Further investigation revealed that the presence of indole in the system prompts the development of autoreactive T-cells, which are more inflammatory. Additionally, there is a reduction in regulatory T-cells responsible for maintaining immune system balance, alongside an increase in the production of pathogenic antibodies, which exhibit heightened inflammatory properties in the presence of indole.


CIA was induced in 6-week-old male DBA/1 mice. On days 21–35, mice were treated with antibiotics with or without 0.1 mg/mL indole in the drinking water, and arthritis scores were assessed every other day.
CIA was induced in 6-week-old male DBA/1 mice. On days 21–35, mice were treated with antibiotics with or without 0.1 mg/mL indole in the drinking water, and arthritis scores were assessed every other day. n = 10 (Abx+Indole); n = 7 (CIA+Abx). (CREDIT: Journal of Clinical Investigation)


The researchers propose that blocking the generation of indole could offer a unique therapeutic approach for rheumatoid arthritis and spondyloarthritis. This strategy revolves around redirecting the breakdown pathway of tryptophan in the body towards anti-inflammatory processes.


 
 

Kuhn emphasizes the importance of maintaining a balanced state where tryptophan is directed towards its anti-inflammatory pathway. This balance can be influenced by dietary choices, with plant-based fiber-rich diets and lean meats, characteristic of the Mediterranean diet, promoting a healthier gut microbiome and favoring the anti-inflammatory properties of tryptophan.


LPMCs isolated from healthy human colon tissue were stimulated with 1 mM indole or vehicle for 4 hours. CD19+ B cells and CD3+ T cells were flow sorted, and RNA was isolated for RNA-Seq.
LPMCs isolated from healthy human colon tissue were stimulated with 1 mM indole or vehicle for 4 hours. CD19+ B cells and CD3+ T cells were flow sorted, and RNA was isolated for RNA-Seq. Differentially expressed pathways (indole versus vehicle) were identified with Ingenuity Pathway Analysis for CD19+ B cells. (CREDIT: Journal of Clinical Investigation)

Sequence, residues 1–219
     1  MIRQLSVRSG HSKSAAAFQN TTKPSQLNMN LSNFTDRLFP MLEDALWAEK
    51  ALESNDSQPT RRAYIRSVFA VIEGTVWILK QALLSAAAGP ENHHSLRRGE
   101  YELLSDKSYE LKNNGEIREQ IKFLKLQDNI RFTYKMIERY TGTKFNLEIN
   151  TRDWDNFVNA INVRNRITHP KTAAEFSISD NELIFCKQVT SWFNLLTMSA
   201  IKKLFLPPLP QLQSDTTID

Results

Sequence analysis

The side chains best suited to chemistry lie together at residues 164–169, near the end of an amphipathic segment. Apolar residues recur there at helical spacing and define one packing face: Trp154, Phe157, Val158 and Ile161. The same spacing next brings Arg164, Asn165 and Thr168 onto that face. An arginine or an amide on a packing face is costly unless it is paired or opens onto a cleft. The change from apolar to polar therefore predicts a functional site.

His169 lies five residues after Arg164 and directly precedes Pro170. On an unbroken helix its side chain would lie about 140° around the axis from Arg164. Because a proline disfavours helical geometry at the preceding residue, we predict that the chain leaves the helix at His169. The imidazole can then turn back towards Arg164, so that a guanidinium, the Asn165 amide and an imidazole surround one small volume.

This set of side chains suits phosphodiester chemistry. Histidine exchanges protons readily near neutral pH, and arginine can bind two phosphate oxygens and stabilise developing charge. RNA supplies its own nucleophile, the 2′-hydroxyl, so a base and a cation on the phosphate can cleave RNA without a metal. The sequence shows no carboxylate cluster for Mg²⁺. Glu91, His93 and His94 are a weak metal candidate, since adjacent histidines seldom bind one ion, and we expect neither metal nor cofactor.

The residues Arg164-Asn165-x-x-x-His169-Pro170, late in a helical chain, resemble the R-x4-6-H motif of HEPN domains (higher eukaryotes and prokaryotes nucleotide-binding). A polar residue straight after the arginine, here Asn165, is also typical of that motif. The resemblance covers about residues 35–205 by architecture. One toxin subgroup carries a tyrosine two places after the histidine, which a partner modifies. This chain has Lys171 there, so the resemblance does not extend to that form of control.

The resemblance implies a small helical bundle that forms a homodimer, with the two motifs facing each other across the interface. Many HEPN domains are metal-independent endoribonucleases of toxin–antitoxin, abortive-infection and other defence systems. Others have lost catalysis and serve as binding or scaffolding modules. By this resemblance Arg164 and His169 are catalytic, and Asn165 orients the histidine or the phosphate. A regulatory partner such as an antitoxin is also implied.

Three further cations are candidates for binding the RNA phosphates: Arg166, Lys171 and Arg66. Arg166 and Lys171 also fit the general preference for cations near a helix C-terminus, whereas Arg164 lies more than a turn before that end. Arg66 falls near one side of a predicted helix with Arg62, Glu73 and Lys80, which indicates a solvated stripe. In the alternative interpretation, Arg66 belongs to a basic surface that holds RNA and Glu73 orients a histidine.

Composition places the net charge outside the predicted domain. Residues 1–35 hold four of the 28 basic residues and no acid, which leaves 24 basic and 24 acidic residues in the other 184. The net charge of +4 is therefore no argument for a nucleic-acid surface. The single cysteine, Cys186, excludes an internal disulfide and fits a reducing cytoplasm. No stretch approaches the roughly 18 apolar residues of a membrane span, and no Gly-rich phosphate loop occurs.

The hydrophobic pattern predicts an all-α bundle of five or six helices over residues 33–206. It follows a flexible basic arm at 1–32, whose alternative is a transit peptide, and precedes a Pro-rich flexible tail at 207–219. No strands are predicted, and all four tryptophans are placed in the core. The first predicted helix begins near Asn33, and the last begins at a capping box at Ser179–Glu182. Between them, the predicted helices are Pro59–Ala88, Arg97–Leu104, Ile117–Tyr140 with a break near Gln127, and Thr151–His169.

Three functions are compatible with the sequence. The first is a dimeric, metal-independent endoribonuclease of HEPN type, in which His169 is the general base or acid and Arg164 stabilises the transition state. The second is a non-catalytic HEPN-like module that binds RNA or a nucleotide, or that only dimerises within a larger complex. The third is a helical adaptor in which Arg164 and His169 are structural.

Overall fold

In terms of intervention strategies, Kuhn mentions ongoing research within her Division of Rheumatology aimed at identifying individuals at risk of progressing to rheumatoid arthritis based on specific blood markers. While there is promising data suggesting the potential for disease prevention during this at-risk stage, the optimal intervention methods remain uncertain.


 
 

By understanding and manipulating this pathway, there is hope for developing novel therapeutic approaches to mitigate the impact of these debilitating conditions.



Symptoms of Rheumatoid Arthritis


According to the Mayo Clinic, signs and symptoms of rheumatoid arthritis may include:


  • Tender, warm, swollen joints

  • Joint stiffness that is usually worse in the mornings and after inactivity

  • Fatigue, fever and loss of appetite


Early rheumatoid arthritis tends to affect your smaller joints first — particularly the joints that attach your fingers to your hands and your toes to your feet.


 
 

As the disease progresses, symptoms often spread to the wrists, knees, ankles, elbows, hips and shoulders. In most cases, symptoms occur in the same joints on both sides of your body.


About 40% of people who have rheumatoid arthritis also experience signs and symptoms that don't involve the joints. Areas that may be affected include:


  • Skin

  • Eyes

  • Lungs

  • Heart

  • Kidneys

  • Salivary glands

  • Nerve tissue

  • Bone marrow

  • Blood vessels


 
 

Rheumatoid arthritis signs and symptoms may vary in severity and may even come and go. Periods of increased disease activity, called flares, alternate with periods of relative remission — when the swelling and pain fade or disappear. Over time, rheumatoid arthritis can cause joints to deform and shift out of place.






For more science and technology stories check out our New Discoveries section at The Brighter Side of News.


 

Note: Materials provided above by The Brighter Side of News. Content may be edited for style and length.